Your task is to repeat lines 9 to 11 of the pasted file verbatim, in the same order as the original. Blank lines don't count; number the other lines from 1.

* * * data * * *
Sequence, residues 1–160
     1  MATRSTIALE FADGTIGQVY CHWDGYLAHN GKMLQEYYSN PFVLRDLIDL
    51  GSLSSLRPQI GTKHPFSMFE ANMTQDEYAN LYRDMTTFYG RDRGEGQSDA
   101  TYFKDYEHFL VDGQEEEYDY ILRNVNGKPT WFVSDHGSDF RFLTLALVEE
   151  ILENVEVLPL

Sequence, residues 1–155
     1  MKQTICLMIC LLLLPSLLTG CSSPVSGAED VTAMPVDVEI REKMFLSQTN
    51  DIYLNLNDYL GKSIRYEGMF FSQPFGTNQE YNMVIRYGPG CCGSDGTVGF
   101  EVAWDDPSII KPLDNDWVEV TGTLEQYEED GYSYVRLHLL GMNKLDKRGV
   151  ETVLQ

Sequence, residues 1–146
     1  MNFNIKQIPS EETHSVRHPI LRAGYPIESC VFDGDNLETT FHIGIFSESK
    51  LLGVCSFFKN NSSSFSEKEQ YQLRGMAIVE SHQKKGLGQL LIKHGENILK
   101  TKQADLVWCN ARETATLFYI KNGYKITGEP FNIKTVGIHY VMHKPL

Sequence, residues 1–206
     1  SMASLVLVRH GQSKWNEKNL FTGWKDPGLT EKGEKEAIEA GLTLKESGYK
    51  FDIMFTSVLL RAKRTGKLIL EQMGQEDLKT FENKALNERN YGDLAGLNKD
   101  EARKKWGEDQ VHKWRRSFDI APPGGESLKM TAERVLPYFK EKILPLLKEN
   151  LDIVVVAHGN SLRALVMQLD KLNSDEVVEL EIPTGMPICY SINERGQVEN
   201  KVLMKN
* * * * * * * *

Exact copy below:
   101  EVAWDDPSII KPLDNDWVEV TGTLEQYEED GYSYVRLHLL GMNKLDKRGV
   151  ETVLQ

Sequence, residues 1–146